[Note: two updates added below.] Simon says he got exed on Sunday, according to this story at the Signature site, reposting a Canberra Times article (although I wouldn't be surprised if some of the Times readers missed the story). ;-) The result of this action? Free publicity for Mr. Southerton, along with some emotional pain, I suppose, and a boatload of bad PR for the Church in Australia. On the whole, this doesn't seem like a move that will do anyone any good. And since Southerton's claims are largely correct, it looks (to an objective observer) like he was exed for opposing false ideas. I doubt many neutral readers will accept that he was exed for living with another woman while separated from his wife a few years back, especially since they have recently reconciled and are now back together. [See also my earlier post on Southerton, as well as an old post discussing his book Losing a Lost Tribe.]
8/4 Update: Here's the AP wire story (better link here), released on Thursday and featured in dozens of US newspapers. It is apparently based on an email submitted by Southerton to the AP. According to a KUTV story, the moral charge on which Southerton was exed was not "adultery" but "having an inappropriate relationship with a woman." Inappropriate relationship ... okay, so it wasn't adultery? The CHI does list "serious transgressions" as excommunicable, at least "as directed by the Spirit." That should comfort the accused. That term is later defined as "a deliberate and major offense against morality," including adultery, fornication, and "deliberate abandonment of family responsibilities." But in that section only a mandatory disciplinary council was required, not an excommunication result, and even then that requirement was restricted only to those holding prominent leadership positions, including bishop. Southerton has not held such a position for at least seven years. It also says a disciplinary council must be held for "a member who commits a serious transgression ... that is widely known." Southerton's "inappropriate relationship" wasn't widely known until after the local leaders called the disciplinary council. His published opinions were widely known, of course, but they didn't have anything to do with the proceeding, according to his local leaders (as reported by Southerton).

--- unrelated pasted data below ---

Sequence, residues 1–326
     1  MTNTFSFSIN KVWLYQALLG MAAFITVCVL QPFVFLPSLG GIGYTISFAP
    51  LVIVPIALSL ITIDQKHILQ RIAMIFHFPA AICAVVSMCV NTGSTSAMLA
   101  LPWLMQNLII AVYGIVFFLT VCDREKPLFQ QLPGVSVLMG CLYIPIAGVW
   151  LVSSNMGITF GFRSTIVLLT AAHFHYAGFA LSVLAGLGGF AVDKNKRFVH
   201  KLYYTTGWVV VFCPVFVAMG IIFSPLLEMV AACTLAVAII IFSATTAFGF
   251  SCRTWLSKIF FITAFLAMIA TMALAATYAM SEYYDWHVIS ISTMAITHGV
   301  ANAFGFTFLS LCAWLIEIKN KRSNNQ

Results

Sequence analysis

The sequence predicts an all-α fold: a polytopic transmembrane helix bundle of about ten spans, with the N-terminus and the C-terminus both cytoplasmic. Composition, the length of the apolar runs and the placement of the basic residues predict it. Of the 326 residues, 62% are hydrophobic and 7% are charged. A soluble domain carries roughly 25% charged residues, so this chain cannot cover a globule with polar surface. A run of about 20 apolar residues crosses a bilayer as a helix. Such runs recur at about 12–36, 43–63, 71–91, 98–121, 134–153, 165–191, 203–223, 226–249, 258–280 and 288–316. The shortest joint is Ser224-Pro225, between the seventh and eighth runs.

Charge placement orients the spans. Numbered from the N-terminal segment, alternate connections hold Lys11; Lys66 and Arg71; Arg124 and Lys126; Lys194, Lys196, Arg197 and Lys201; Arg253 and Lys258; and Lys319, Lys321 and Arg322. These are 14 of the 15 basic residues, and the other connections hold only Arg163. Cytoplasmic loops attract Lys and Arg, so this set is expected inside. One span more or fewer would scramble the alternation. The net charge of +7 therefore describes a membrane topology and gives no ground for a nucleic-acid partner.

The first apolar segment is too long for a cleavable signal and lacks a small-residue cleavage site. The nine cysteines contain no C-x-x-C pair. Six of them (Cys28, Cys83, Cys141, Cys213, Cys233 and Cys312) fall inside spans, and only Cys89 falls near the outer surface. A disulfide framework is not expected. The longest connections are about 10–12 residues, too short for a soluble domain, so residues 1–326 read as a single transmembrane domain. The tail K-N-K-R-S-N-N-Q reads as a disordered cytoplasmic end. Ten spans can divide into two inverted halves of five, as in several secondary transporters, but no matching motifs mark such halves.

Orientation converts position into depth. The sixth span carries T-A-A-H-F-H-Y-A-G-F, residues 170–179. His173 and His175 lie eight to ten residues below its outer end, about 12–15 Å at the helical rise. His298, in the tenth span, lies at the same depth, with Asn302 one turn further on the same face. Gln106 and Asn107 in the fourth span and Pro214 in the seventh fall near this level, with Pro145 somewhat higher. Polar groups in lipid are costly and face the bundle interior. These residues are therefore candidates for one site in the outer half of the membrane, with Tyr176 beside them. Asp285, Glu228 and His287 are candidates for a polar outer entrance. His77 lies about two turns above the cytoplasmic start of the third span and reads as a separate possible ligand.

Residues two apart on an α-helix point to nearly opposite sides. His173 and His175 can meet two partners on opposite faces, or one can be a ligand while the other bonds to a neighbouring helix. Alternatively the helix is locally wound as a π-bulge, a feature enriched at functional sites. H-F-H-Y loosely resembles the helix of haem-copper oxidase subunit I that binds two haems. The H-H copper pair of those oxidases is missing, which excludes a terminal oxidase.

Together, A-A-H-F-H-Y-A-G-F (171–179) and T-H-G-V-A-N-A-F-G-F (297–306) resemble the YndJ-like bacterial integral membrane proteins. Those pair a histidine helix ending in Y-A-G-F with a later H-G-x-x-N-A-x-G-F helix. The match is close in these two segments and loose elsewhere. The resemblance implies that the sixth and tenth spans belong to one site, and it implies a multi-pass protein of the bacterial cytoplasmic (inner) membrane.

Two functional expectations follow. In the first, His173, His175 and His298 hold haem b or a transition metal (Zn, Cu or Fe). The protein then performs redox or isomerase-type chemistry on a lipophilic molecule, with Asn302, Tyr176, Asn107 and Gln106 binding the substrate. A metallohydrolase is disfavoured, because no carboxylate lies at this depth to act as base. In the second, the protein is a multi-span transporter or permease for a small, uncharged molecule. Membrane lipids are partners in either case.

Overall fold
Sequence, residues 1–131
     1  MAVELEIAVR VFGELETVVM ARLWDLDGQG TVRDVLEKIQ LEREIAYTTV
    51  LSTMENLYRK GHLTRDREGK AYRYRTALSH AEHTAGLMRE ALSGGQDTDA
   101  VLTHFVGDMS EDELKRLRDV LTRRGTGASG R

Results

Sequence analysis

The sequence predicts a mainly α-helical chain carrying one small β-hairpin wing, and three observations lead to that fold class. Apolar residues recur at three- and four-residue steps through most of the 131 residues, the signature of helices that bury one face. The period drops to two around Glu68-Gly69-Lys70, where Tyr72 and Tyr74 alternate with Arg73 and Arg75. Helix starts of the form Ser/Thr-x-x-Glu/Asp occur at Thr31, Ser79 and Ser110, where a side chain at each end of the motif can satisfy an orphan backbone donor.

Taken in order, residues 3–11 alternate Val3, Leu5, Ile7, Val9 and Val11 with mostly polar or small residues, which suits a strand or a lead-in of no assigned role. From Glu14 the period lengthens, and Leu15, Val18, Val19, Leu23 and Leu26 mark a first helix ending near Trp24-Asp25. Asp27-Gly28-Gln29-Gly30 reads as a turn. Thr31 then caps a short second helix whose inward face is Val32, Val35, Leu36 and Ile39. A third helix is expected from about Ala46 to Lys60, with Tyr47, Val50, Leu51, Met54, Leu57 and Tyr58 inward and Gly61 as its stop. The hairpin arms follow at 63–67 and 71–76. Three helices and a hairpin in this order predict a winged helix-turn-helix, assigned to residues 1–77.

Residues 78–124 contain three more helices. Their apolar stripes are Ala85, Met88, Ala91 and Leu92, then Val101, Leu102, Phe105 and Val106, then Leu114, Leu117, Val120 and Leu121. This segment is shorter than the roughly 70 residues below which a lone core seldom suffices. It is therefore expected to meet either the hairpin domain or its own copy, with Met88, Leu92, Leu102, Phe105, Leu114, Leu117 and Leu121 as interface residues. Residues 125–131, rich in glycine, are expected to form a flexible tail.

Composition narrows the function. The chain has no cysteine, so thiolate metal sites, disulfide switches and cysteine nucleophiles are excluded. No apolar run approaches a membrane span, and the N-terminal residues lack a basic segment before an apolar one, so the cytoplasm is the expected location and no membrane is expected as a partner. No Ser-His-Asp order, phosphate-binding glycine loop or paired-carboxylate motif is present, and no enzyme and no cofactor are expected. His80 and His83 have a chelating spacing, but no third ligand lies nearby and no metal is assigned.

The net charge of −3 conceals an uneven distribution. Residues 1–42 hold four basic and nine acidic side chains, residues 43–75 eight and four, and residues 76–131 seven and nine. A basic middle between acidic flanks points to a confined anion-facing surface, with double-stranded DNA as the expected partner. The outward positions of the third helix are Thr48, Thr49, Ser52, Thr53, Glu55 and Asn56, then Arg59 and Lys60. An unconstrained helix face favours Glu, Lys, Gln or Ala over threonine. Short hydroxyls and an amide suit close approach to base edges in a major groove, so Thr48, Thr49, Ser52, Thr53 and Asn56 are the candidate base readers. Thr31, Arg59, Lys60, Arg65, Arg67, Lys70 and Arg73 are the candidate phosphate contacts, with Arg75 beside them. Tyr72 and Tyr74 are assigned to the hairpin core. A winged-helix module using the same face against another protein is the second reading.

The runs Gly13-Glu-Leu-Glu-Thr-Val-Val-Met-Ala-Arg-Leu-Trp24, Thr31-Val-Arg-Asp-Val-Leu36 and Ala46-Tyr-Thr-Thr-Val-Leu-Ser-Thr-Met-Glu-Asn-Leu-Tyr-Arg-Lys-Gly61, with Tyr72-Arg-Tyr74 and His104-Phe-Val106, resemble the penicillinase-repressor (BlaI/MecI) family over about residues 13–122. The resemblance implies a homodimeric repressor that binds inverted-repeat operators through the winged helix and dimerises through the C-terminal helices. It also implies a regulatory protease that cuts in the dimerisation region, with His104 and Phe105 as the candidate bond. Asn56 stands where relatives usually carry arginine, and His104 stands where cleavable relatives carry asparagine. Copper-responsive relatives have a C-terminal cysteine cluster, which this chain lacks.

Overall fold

8/5 Update: The Provo Daily Herald ran what appears to be the full text of the AP story, which includes a few details not included in other papers. First, it notes that Southerton plans to appeal the result of his disciplinary proceeding (which appeal, according to the story, goes to the First Presidency). Second, it notes that "Australian church authorities have discussed [Southerton's] book at length with Southerton," which suggests they decided they could not (or would not) ex him solely for his book and other published critiques of LDS beliefs. In the "but-for" sense, it would appear, therefore, that his "inappropriate relationship" that wasn't quite adultery was the cause of the disciplinary council and the result.